Decided September 7, 1916.
APPEAL from Pike Law Court.
Heard before Hon. T.L. BORUM.
W.E. GRIFFIN, for appellant. W.L. MARTIN, Attorney General, and HARWELL G. DAVIS, Assistant Attorney General, for the State.
Will Thomas was convicted of violating the prohibition law, and he appeals. Reversed and remanded.
This appeal is upon the record proper, without a bill of exceptions.
(1) The affidavit or complaint herein dated June 29, 1915, charges that defendant "did keep or have in his possession for sale or delivery spirituous, vinous, or malt liquors." The jury returned a verdict of guilty and assessed a fine of $100, as appears from the judgment entry. The judgment entry further recites as follows:
"It is considered and adjudged by the court that the defendant is guilty of selling liquor."
Under our prohibition statutes "selling," "offering for sale," and "keeping for sale" are separate and distinct offenses, and they may be joined in the same count in the alternative. — Acts 1909, p. 90, § 29 1/2; Code 1907, § 7151. It will be observed, however, that the complaint charged the "keeping" or having in possession for the purpose of sale or delivery, and did not charge defendant with "selling." It is apparent, therefore, that the defendant was adjudged guilty of and sentenced for an offense not in conformity with the verdict and with which he had not been charged. It follows that the judgment is void — not merely an erroneous sentence — and the judgment entry below must, in consequence, be reversed and set aside and the cause remanded for a new trial. — See Ex parte Robinson, 183 Ala. 30, 63 So. 177.
(2) In the absence of a bill of exceptions, the ruling of the court upon the state's motion to strike the special plea is not reserved for our consideration. — Gaston v. Marengo Improvement Co., 139 Ala. 465, 36 So. 738.
(3) The demurrers were without merit and properly overruled. Notwithstanding the sale of liquor was legalized in the city of Troy under what was commonly known as the "Parks Bill" (Acts 1911, p. 26) and the "Smith Bill" (Acts 1911, p. 249), yet the Fuller bill (Acts 1909, p. 63) and the Carmichael bill (Acts 1909, p. 8), enjoining and enforcing prohibition in the liquor traffic, were still in force and effect in all portions of the county of Pike outside the corporate limits of incorporated cities or towns, where, pursuant to the terms of said Parks and Smith bills, the sale of liquor was permitted. — See Hauser v. State, 6 Ala. App. 34, 60 So. 549; Western Ry. of Ala. v. Capitol Brewing Ice Co., 177 Ala. 149, 59 So. 52; Allen v. State, ex rel. Rowe, 181 Ala. 383, 61 So. 912. Such being the case, the complaint was not vulnerable as against the attack of demurrers for not charging a crime.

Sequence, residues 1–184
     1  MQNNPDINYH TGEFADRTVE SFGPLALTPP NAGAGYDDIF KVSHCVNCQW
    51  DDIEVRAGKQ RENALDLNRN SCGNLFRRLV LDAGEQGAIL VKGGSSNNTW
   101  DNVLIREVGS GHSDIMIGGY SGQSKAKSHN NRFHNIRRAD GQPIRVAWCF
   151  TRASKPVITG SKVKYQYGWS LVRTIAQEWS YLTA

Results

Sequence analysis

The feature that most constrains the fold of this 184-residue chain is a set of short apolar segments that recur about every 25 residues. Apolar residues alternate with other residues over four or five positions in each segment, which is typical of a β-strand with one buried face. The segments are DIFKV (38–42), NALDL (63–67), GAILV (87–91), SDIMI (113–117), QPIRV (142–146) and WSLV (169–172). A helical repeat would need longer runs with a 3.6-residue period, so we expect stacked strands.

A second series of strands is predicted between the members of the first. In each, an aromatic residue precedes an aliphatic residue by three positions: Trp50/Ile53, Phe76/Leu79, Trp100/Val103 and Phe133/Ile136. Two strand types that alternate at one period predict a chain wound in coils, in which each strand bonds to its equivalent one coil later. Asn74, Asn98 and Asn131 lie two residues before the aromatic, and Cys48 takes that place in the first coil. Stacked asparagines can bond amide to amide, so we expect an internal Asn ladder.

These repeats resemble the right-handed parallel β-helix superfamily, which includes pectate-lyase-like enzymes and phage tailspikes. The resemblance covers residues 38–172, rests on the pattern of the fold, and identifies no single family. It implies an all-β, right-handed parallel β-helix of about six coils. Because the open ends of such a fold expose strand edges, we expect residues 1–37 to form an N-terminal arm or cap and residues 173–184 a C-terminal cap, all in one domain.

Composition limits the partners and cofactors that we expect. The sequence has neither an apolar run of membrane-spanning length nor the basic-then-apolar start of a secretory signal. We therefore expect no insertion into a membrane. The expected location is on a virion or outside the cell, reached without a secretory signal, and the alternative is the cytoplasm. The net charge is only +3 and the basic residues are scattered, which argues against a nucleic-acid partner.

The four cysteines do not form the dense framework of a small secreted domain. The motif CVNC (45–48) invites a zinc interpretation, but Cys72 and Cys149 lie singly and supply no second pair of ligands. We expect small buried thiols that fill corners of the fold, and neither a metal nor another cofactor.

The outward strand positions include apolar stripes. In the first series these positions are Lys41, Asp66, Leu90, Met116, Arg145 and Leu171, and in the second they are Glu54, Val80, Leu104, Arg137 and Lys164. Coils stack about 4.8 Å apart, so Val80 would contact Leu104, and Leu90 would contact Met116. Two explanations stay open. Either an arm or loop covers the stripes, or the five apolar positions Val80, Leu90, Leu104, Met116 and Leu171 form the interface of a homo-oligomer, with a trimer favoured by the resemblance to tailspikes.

(4) Nor was it necessary for the complaint to negative that the offense took place in excepted territory. As said in Bellinger v. State, 92 Ala. 86, 9 So. 399: "If there is an exception in the enacting clause, the party pleading must show that his adversary is not within the exception; but, if there be an exception in a subsequent clause, or subsequent statute, that is matter of defense, and is to be shown by the other party."
See, also, 22 Cyc. 344; Carson v. State, 69 Ala. 235; Grattan v. State, 71 Ala. 344; Sims v. State, 135 Ala. 61, 33 So. 162; McLeod v. State, 8 Ala. App. 329, 62 So. 991.
The judgment of the trial court is accordingly reversed and set aside, and the cause remanded.
Reversed and remanded.